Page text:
A spoonful of salt, butter
In the chilly month of December when nerves freeze and hands shiver, there is nothing more comforting than a hot cup of tea. But even the spiciest and strongest brew would fail at 3,500 metres above sea level, where temperatures plunge below -20°C in a ruthless winter. People in the Himalayan region, the highest mountain range in the world, know how to beat this cold—with a cup of warm gurgur cha.
The beverage, also called butter tea, is a must in Ladakh and the upper reaches of Himachal Pradesh, including Kinnaur and Lahaul-Spiti. But don’t get misled by the name; the beverage is not made from tea leaves. Instead, it is a heady concoction of milk, yak butter, salt and an infusion prepared from plants available in the Himalayan region.
“In the winters when all businesses shut in the valley, we sit with a flask of gurgur cha and knit socks,” said Norsing Lamo. She runs a tea stall in the only market in Leh, the largest town of Ladakh.
|Gurgur cha keeps the body warm in the high altitudes of Ladakh; it prevents chapped lips and flaky skin from cold dry wind
— NORSING LAMO
The main ingredient of the cha is the infusion prepared from chathang leaves or yamdal bark. The plant used differs from region to region depending on the altitude. People in Ladakh, for instance, prepare the concentrate from fresh leaves of chathang, usually found in the upper reaches of the Himalaya.
“The leaves impart a subtle flavour to the beverage,” said Wangchuk, the manager of Shamba-la hotel in Leh. “They also protect against cold and fever, and help reduce flatulence,” he added. The leaves are boiled and then allowed to simmer for seven to eight hours.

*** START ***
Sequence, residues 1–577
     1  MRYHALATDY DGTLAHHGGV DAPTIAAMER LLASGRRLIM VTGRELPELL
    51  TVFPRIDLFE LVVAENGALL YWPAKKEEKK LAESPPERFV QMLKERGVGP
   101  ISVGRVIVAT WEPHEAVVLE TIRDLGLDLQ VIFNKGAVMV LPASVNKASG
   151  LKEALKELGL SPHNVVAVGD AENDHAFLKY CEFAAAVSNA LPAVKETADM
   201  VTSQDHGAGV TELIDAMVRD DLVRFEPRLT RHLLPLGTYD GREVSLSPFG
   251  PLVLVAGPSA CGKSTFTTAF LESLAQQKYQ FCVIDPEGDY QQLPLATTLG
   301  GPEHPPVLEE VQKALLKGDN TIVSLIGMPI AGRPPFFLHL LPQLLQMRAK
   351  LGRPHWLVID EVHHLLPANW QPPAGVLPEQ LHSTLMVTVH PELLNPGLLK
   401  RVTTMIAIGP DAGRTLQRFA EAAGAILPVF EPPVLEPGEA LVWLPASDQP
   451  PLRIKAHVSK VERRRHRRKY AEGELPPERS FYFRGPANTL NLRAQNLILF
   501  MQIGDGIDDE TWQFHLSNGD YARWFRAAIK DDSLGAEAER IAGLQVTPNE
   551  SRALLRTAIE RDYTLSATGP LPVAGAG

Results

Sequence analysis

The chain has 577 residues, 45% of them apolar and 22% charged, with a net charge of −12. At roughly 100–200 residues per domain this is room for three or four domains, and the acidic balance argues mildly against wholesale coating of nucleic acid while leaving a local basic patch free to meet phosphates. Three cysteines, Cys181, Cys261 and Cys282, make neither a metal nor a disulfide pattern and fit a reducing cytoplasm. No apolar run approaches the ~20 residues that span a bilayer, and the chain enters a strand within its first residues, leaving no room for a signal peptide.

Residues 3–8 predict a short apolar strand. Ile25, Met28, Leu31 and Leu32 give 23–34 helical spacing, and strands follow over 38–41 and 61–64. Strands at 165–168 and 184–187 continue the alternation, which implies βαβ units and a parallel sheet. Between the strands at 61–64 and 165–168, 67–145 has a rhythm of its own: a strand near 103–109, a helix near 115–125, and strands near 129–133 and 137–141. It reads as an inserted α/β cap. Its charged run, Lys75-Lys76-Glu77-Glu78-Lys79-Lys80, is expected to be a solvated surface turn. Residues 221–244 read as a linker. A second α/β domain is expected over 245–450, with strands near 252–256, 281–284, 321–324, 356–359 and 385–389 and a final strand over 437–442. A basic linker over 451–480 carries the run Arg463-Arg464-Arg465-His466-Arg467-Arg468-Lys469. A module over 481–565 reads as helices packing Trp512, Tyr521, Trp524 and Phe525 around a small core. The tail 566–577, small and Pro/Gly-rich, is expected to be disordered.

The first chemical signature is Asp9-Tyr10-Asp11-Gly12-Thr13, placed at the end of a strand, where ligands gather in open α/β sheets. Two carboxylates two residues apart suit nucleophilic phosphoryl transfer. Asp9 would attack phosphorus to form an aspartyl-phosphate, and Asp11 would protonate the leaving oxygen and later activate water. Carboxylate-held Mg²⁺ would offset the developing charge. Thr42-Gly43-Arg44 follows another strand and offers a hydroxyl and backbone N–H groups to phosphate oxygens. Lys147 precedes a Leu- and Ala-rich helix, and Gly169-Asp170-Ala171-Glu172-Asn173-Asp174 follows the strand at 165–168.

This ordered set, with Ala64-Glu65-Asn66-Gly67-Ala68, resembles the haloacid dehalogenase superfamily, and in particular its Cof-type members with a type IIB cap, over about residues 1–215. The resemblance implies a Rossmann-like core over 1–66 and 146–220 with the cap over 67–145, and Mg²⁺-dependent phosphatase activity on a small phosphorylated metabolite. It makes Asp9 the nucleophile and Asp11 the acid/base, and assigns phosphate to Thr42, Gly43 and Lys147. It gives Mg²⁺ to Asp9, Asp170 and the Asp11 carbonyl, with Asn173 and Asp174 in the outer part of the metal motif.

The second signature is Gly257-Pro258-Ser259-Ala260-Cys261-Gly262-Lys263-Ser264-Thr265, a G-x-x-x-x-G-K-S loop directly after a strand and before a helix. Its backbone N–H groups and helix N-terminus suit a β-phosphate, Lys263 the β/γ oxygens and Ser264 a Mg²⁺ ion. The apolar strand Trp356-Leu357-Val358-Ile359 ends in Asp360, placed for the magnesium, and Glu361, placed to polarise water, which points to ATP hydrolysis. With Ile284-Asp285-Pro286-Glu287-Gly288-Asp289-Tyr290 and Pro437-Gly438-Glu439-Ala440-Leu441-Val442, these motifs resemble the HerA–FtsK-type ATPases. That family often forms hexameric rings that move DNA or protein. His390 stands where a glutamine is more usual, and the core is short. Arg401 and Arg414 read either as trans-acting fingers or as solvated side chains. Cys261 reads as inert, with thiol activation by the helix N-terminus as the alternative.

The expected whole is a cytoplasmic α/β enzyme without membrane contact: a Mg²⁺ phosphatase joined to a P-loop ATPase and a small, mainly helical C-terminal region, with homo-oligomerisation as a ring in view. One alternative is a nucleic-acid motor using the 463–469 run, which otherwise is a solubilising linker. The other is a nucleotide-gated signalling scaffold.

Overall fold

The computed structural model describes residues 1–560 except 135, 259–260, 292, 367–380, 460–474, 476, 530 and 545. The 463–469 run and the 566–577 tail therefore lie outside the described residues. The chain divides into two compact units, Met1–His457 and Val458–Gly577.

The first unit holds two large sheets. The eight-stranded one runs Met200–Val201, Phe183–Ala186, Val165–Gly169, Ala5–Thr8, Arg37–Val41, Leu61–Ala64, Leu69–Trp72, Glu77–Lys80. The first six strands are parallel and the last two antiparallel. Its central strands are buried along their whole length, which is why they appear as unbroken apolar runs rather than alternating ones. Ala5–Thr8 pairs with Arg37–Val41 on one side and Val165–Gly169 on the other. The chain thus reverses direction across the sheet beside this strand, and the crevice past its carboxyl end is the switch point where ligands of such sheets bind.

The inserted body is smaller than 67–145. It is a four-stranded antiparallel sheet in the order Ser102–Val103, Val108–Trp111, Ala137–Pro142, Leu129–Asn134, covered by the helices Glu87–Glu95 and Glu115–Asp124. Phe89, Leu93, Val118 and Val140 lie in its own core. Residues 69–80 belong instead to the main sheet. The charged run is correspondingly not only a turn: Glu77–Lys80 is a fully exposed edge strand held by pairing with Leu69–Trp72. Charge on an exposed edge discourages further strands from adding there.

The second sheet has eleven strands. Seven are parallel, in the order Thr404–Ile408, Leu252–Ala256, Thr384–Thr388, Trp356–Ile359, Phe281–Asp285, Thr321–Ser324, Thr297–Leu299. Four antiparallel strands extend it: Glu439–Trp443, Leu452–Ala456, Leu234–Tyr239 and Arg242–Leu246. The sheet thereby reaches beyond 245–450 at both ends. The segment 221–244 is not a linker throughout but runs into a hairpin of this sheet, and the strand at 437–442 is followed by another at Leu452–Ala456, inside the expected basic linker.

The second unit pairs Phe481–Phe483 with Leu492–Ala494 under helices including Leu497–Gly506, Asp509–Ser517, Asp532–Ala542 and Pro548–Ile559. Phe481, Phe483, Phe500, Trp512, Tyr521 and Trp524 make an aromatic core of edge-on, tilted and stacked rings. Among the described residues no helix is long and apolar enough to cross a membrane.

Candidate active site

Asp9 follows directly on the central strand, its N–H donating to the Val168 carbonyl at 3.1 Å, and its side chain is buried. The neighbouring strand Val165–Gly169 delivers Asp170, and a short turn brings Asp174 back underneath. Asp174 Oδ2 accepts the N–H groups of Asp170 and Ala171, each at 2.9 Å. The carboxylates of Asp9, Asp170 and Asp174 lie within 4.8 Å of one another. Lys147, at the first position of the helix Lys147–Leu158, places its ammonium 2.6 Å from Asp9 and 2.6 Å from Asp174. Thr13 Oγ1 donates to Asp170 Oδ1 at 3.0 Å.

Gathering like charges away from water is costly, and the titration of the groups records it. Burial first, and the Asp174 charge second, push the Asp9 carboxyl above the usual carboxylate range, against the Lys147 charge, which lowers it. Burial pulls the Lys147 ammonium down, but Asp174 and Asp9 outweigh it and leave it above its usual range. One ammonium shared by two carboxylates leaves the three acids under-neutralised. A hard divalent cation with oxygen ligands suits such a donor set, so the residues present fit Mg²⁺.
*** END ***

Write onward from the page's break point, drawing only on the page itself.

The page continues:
The concentrate is then skimmed and stored for preparing gurgur cha. Preparing the beverage is an elaborate procedure. So, the concentrate is usually prepared in large quantities to last for three to four days.
|Ingredients (for three cups)
Milk: 2 cups
Concentrate: 1 cup
Yak butter: 3 tablespoons
Salt: 1 teaspoon
Soda: 1 pinch
Method: Add milk to the concentrate and boil it. Pour it into a cylindrical wooden mixer, called the dombu. Add yak butter, salt and soda to it and plunge it with a plunger attached to the dombu. The salted butter tea is ready. Soda gives the beverage a pinkish tinge.
While plunging, the dombu produces a sound, from which the beverage derives its name. The cha is usually served in shallow china or copper cups, called zombat, and should not be served piping hot.
People in Kinnaur prefer using the yamdal bark. They roast the bark and grind it before boiling it in water.
“One can drink as many cups of gurgur cha in a day as one wants. It has no ill effects; in fact, it protects from heart diseases,” said Nawang Raftan, an octogenarian in Leh.
“Earlier, in Kinnaur gurgur cha was the first thing to be served to guests. We used to add ground walnuts and wild flowers like pauu for an exotic flavour,” recalled Tejwant Negi, an mla of Kinnaur. But people these days like regular tea. “The region is not as cold as it used to be. Probably that’s why people can afford to shift from gurgur cha,” he added.